AboriginalArt - The Eternal Dreamtime: Art and Worldview in...

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The Eternal Dreamtime: Art and Worldview in Aboriginal Australia One of the most worthwhile aspects of studying the art of another society is that through it one may glimpse something of the cultural mind, or worldview, of its people. Already, in exploring the art of the Lakota and other Plains tribes of the nineteenth century, you have gained some insights into how profoundly different their beliefs about the nature of reality can be. For the Lakota and many other Native American people, knowledge about the world and one's place within it derives from the experience of dreaming. Vision quest permits the dreamer to see beyond the outer, material appearance of things, and establish a relationship with spiritual benefactors. This is a very individualistic, personal pursuit; one accomplishes the vision quest alone, and through this revelation, devises a plan for living out his or her life. Although the content of these visions fits within an elaborate, and very coherent collective vision of the universe, and although there is a conventional vocabulary of symbols (the sacred hoop, the thunderbird, the rainbow, dragonflies, swallows, etc.), no two visions are alike. Similarly, the creation of designs that realize these visions is also unique and individual; no two shields, painted tipis, war shirts, or other items are identical. If we turn now to the art of another group, the native people of the continent of Australia, we encounter a very different, and equally elaborate, conception of the universe. Like the Plains Indians, the Aboriginal people of Australia use art and ritual as a way of learning about the sacred basis of their world. This knowledge also defines for them who they are, and the way they are destined to live their lives. With it comes not only identity but power, although these things are conceptualized very differently than among the Plains tribes. For one thing, the sacred basis of knowledge for the Aborigines comes not from the personal revelation of dreams, but from learning lore about the mythic past. The significance of this knowledge and the ritual means of its transmission is less a matter of personal, individual quest--instead, it centers around conceptions of social identity, of belonging to a group, that are extremely important in Aboriginal culture. For the Plains Indians, the means to knowledge is a direct, visionary encounter with a being that appears to the dreamer, revealing to him knowledge, songs, prayers, and designs that will allow him to use certain powers. This experience concerns one's relations with things that are dynamic phenomena of the present universe: storms, wind, stars, etc. The natives of Australia learn who they are from events that happened long ago, when the world was first formed. The Aborigines refer to this mythic past using a term that translates more or less as the "Eternal Dreamtime." Social Life Australia's aboriginal peoples have inhabited the continent for at least forty thousand years, having migrated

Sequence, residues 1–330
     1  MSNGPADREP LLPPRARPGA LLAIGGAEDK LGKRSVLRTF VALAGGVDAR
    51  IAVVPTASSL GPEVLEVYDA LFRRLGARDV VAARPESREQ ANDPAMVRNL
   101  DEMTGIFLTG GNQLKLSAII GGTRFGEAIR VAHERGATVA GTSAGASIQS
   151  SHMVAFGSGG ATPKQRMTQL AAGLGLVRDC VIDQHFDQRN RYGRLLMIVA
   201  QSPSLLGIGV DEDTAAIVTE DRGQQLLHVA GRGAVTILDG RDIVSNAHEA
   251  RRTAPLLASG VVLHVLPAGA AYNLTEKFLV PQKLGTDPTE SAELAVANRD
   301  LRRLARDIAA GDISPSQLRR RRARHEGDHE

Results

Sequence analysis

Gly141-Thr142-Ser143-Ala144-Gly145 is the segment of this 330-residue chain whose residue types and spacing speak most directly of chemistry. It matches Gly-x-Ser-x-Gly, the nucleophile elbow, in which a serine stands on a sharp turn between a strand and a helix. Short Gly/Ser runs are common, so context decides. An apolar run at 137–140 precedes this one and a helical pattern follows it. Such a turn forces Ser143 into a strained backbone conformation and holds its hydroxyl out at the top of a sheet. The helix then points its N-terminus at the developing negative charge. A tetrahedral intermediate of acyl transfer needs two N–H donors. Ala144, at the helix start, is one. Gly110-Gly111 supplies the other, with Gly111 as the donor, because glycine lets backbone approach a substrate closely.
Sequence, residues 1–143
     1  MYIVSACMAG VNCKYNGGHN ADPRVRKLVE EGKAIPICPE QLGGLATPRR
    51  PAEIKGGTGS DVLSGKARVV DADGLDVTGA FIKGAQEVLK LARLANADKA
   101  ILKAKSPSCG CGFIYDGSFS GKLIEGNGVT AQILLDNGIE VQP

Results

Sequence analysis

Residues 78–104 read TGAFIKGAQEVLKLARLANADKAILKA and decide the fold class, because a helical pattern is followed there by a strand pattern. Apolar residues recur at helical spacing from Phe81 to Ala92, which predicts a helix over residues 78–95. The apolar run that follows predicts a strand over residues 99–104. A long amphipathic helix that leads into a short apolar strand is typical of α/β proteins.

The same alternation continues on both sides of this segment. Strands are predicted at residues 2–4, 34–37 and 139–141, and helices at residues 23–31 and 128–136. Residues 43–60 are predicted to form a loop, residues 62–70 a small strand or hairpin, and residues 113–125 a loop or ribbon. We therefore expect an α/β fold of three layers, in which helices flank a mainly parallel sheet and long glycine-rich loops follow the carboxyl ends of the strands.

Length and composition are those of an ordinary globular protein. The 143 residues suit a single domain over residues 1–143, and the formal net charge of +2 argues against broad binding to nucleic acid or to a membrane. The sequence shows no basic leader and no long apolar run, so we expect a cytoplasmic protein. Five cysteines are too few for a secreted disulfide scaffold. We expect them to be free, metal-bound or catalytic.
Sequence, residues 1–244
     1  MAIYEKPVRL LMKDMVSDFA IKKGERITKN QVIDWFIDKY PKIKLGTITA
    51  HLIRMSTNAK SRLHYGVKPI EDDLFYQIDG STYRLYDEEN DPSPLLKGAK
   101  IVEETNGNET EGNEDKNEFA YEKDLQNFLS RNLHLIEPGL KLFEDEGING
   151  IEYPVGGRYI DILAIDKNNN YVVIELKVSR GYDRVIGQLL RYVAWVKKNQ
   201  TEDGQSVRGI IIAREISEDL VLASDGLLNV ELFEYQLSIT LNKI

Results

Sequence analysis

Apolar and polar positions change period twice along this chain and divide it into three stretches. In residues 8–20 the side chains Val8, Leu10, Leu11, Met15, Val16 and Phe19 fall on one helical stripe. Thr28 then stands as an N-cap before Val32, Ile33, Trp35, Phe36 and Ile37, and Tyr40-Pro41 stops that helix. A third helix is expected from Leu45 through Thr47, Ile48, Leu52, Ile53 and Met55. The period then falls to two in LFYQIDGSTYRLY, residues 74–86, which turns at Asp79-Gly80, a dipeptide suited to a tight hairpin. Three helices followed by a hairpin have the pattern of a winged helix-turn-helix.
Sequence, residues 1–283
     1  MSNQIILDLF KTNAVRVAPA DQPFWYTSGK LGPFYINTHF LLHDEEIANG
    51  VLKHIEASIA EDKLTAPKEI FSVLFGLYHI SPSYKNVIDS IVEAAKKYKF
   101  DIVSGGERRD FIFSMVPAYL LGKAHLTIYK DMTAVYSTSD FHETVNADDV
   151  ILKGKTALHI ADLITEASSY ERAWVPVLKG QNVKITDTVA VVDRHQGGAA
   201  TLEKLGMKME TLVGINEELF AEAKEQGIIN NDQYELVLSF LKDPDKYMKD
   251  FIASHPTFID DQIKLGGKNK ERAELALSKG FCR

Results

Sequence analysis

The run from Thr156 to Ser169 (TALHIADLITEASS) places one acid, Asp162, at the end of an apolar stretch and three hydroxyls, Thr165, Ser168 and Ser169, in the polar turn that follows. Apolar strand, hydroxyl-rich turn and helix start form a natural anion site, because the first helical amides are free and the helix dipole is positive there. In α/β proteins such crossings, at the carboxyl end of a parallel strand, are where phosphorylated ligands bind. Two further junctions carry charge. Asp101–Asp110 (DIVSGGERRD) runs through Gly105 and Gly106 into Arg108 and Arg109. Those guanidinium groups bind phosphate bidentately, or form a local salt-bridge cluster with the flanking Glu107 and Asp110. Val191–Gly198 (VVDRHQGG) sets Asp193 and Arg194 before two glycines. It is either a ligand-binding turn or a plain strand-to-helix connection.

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This note was uploaded on 06/26/2008 for the course VIS 21a taught by Professor Kimberly during the Fall '07 term at UCSD.

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AboriginalArt - The Eternal Dreamtime: Art and Worldview in...

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